Ron Curry, the assistant administrator for the Environmental Protection Agency region that includes Oklahoma, has said the EPA’s newly proposed Waters of the United States rule will provide slam-dunk benefits to Oklahomans that would come without a cost.
Nothing could be further from the truth.
The EPA claims significant powers under the Clean Water Act to regulate pollution discharges into federally protected waterways. But when Congress passed this law in 1972, it limited the application to EPA’s authority to “navigable” waterways. In the decades since, it’s become clear why Congress did this.
Permits under the Clean Water Act can take months of bureaucratic wrangling and an average of $270,000 in expenses to secure. If the EPA takes enforcement action against an individual or company, it can impose severe financial penalties of up to $37,500 per day.
With its newly proposed rule, the EPA seeks to dramatically expand the reach of its regulatory authority by treating any waterway that has a “nexus” to a navigable waterway as if it were a navigable waterway itself. This means everything from irrigation ditches in the farmland of western Oklahoma to backyard creeks in eastern Oklahoma would be brought under the same federal bureaucratic restrictions as the Mississippi River itself.
And in case the EPA didn’t expand its authority enough, it left itself a generous “case-by-case” provision that would allow it to regulate other waters as it deems appropriate.
This proposed rule rightfully has the business community in disarray. The farming community in Oklahoma will be among the worst hit. Despite assurances from EPA that the rule won’t impact farming, both the Oklahoma Farm Bureau and American Farmers and Ranchers have weighed in, stating that it’s an unnecessary and dramatic expansion of federal authority and could lead to the EPA and other federal agencies dictating farming practices on private lands.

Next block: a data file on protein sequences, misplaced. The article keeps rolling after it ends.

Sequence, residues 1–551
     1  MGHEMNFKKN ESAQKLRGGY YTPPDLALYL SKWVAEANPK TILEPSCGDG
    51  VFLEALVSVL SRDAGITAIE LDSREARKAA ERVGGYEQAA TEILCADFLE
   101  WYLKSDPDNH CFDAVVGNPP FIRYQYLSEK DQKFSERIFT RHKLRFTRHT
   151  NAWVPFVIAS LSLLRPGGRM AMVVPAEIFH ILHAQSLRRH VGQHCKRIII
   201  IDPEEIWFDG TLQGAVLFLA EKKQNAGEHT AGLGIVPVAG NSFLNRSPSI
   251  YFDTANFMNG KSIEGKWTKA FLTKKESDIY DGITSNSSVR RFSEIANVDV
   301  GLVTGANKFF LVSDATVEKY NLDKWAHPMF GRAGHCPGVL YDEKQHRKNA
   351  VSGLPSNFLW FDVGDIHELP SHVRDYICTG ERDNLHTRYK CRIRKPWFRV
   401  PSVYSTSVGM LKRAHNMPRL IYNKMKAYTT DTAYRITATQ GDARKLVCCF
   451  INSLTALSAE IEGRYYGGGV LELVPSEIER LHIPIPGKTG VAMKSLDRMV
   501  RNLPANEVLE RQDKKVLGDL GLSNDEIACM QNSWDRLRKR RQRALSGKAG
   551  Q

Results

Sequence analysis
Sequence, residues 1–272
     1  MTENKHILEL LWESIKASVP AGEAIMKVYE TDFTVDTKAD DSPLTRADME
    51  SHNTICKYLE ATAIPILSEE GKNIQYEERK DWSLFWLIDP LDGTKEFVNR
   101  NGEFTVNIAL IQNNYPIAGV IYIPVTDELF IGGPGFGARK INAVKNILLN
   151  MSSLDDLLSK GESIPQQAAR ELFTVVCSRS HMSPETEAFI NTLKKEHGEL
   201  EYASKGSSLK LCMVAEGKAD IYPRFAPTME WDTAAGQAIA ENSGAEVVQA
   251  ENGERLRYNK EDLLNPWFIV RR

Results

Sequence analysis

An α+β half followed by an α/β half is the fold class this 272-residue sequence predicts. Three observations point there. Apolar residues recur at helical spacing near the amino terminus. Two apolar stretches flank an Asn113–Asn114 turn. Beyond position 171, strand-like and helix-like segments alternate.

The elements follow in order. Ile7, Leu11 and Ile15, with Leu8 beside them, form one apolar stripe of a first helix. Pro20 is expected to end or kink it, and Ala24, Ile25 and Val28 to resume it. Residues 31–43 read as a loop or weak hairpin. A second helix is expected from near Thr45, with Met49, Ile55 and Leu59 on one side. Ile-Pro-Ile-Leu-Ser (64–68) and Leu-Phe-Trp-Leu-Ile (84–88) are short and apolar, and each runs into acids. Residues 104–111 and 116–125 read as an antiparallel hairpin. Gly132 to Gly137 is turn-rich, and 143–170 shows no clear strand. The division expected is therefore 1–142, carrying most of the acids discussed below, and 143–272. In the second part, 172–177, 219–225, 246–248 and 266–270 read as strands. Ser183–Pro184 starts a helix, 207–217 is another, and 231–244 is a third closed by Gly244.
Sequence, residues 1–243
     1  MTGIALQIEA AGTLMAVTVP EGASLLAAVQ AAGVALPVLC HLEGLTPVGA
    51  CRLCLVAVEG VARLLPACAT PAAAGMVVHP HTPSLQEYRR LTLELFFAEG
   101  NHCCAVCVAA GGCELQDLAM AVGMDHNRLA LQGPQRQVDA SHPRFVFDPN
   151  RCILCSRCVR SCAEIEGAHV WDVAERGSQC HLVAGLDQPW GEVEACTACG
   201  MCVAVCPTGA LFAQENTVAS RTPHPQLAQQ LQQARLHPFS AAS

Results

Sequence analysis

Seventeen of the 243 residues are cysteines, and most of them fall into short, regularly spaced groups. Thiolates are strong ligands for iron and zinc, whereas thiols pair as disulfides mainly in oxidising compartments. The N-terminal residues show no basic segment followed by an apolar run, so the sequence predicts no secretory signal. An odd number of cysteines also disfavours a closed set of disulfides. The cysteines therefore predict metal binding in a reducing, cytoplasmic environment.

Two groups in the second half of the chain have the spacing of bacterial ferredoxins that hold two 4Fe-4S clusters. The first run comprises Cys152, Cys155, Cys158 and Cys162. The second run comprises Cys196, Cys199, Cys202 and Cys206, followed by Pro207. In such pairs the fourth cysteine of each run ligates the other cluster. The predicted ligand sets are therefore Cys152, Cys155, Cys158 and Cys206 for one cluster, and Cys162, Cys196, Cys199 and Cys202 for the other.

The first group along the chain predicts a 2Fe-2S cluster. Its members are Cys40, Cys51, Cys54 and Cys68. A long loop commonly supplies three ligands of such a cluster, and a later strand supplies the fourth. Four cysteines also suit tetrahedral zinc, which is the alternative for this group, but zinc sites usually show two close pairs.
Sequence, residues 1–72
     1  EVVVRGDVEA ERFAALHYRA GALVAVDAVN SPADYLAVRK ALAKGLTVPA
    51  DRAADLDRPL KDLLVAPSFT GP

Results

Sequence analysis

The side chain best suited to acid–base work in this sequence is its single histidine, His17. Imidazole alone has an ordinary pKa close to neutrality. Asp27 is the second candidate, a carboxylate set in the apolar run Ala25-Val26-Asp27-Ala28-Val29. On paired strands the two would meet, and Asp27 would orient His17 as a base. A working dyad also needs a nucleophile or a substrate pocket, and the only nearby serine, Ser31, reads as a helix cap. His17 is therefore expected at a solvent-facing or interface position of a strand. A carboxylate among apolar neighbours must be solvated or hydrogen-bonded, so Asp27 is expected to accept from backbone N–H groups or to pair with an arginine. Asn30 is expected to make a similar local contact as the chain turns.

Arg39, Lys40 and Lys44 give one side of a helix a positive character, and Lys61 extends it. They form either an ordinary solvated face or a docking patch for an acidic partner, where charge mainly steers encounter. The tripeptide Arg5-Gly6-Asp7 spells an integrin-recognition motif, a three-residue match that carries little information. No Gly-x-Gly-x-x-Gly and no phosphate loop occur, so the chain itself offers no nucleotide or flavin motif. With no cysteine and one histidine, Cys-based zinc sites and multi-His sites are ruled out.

No Oklahoma farmer needs a federal agency to tell him how to take care of the land and waters. This is the lifeblood of agriculture; farmers maintain the health of the ecosystem so they’re able to provide food and clothing for the nation.
Every industry in Oklahoma would be negatively affected by this rule. Homebuilders may be forced to seek EPA permits for their construction projects, which could prevent Oklahomans from raising their families in the homes they want. Road construction projects could become more costly and take longer as the state and local communities are forced to evaluate and mitigate far more water-related impacts than currently required.
And the oil and gas industry would find itself with one more opportunity for the EPA to regulate them out of business.
The EPA’s proposed rule needs to be seen for what it is: a dramatic expansion of its regulatory authority over the private lives of Oklahomans. The EPA should withdraw it.
Inhofe, a Republican, was re-elected Nov. 4 to a six-year term. He is the senior member of the Senate Environment and Public Works Committee and likely will become committee chairman next year.